Development of Paramyosin as a Vaccine Candidate for Schistosomiasis.

Jiz MA, Wu H, Olveda R, Jarilla B, Kurtis JD - Front Immunol (2015)

Chromatographic purification of S. japonicum paramyosin. A pET-30 plasmid containing paramyosin was expressed and purified similarly as described (28). Lane 1, inclusion body preparation; lane 2, anion exchange chromatography; lane 3, size exclusion chromatography; lane 4, purified S. japonicum paramyosin with a thioredoxin fusion tag. Reprinted from Ref. (30).
© Copyright Policy
Related In: Results  -  Collection

License
Show All Figures
getmorefigures.php?uid=PMC4508564&req=5

Figure 2: Chromatographic purification of S. japonicum paramyosin. A pET-30 plasmid containing paramyosin was expressed and purified similarly as described (28). Lane 1, inclusion body preparation; lane 2, anion exchange chromatography; lane 3, size exclusion chromatography; lane 4, purified S. japonicum paramyosin with a thioredoxin fusion tag. Reprinted from Ref. (30).
Mentions: We have conducted extensive functional, biochemical, biophysical, and immunologic analyses on rSj97 to demonstrate that our recombinant protein is free of concerning contaminants, is correctly folded, and has appropriate functional properties. Electrophoretic mobility and purity (Figure 2), sterility, endotoxin level (by FDA approved test), residual SDS concentration, identity (LC-MS), secondary and tertiary structural analysis (CD), collagen binding, IgG binding, and stability (>12 months) gave expected results (31).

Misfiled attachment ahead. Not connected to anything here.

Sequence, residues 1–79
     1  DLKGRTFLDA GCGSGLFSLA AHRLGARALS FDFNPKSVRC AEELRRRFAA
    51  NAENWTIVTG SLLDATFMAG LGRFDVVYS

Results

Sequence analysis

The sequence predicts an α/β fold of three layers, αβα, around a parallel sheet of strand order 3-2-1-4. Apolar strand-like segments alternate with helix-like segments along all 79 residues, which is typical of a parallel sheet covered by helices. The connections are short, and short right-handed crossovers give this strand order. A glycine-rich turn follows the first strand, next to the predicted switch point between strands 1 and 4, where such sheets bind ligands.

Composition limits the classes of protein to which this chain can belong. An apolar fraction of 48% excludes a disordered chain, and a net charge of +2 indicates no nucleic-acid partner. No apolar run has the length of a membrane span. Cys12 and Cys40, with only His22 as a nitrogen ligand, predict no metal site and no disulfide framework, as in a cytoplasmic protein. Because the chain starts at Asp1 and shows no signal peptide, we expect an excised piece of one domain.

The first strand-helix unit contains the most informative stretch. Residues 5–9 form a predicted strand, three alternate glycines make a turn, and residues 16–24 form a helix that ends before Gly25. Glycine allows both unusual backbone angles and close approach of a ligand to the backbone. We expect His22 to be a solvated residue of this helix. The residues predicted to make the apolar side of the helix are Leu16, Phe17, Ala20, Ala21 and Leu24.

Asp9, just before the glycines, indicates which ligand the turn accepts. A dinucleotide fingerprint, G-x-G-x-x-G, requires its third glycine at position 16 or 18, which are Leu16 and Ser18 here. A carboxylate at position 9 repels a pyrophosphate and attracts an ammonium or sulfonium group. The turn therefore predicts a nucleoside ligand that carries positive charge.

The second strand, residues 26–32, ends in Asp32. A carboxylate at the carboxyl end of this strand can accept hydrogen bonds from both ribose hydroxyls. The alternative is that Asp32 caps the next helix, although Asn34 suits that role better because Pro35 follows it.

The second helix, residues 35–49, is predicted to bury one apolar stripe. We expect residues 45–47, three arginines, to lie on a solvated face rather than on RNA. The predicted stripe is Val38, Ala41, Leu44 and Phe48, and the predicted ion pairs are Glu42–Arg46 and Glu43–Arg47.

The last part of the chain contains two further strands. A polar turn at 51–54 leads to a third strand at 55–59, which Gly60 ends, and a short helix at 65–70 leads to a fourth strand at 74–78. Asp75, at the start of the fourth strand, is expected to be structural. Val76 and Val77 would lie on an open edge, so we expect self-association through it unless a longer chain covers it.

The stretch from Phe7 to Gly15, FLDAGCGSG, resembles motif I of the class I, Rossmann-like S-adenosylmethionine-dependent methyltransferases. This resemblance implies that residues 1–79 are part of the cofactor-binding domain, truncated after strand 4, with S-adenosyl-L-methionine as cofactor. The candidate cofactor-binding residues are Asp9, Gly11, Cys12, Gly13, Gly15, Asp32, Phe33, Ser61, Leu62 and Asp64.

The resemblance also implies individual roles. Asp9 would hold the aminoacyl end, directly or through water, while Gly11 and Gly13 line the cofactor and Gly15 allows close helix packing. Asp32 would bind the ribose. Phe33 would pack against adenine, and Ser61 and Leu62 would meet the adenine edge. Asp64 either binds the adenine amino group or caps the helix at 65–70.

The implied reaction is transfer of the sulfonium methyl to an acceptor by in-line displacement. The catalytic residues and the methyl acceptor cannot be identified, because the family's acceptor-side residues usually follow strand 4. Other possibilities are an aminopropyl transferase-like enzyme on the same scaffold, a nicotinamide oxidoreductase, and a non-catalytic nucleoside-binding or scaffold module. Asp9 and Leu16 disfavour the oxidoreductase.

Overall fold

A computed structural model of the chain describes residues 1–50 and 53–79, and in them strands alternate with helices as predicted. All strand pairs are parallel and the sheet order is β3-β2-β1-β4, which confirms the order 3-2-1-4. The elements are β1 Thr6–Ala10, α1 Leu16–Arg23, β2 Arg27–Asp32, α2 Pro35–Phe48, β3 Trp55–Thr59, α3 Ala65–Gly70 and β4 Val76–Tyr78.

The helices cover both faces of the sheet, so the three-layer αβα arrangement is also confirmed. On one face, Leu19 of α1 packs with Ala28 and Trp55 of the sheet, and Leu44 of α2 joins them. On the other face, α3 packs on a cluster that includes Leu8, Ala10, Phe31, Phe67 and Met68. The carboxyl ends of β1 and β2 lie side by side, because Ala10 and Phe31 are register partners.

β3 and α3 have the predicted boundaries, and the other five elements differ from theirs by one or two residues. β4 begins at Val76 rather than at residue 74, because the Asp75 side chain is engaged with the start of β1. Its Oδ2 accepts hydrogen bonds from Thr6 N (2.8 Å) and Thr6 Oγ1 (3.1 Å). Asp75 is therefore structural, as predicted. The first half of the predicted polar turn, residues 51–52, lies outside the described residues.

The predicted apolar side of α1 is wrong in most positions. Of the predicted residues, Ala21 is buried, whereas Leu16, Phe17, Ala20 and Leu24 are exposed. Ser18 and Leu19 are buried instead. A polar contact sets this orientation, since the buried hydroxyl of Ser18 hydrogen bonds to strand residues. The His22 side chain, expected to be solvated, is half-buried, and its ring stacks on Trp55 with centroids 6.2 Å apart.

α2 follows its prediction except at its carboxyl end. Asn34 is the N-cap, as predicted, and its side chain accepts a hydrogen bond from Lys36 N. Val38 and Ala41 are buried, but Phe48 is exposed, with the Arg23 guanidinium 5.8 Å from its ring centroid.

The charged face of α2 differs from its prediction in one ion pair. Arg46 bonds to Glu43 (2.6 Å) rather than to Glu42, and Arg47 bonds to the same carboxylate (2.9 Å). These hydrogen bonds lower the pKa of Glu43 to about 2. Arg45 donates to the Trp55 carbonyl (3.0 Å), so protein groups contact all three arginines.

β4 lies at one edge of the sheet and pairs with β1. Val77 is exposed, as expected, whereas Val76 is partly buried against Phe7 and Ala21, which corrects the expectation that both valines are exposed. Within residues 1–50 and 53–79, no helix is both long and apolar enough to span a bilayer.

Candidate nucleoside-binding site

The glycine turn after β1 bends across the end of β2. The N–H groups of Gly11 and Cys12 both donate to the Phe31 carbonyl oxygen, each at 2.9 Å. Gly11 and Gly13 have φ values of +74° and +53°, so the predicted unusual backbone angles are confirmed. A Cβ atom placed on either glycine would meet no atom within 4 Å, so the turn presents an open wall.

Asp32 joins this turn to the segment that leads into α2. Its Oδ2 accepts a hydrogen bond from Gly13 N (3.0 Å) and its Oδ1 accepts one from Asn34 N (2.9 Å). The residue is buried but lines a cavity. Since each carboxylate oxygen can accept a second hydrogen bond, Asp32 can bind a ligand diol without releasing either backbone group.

Bottom Line: Schistosomiasis, caused by three principal species of diecious trematodes (flatworms), currently afflicts over 250 million individuals, results in an estimated 2-15% chronic disability, and contributes to poor health and economic stagnation in endemic areas.Paramyosin (Pmy), an invertebrate muscle-associated protein, has emerged as a promising vaccine candidate for both Schistosoma mansoni and Schistosoma japonicum.Herein, we discuss the discovery of Pmy, its development as a vaccine candidate in rodents and bovines, as well as studies of naturally occurring immune responses to Pmy in prospective, observational human studies.

View Article: PubMed Central - PubMed

Affiliation: Department of Health, Research Institute for Tropical Medicine , Manila , Philippines.

ABSTRACT
Schistosomiasis, caused by three principal species of diecious trematodes (flatworms), currently afflicts over 250 million individuals, results in an estimated 2-15% chronic disability, and contributes to poor health and economic stagnation in endemic areas. Although schistosomiasis is effectively treated with praziquantel, rapid reinfection with rebound morbidity precludes effective control based on chemotherapy alone and justifies current efforts to develop vaccines for these parasites. Paramyosin (Pmy), an invertebrate muscle-associated protein, has emerged as a promising vaccine candidate for both Schistosoma mansoni and Schistosoma japonicum. Herein, we discuss the discovery of Pmy, its development as a vaccine candidate in rodents and bovines, as well as studies of naturally occurring immune responses to Pmy in prospective, observational human studies. We conclude with a proposed developmental plan to move Pmy toward Phase I clinical trials.

No MeSH data available.


Related in: MedlinePlus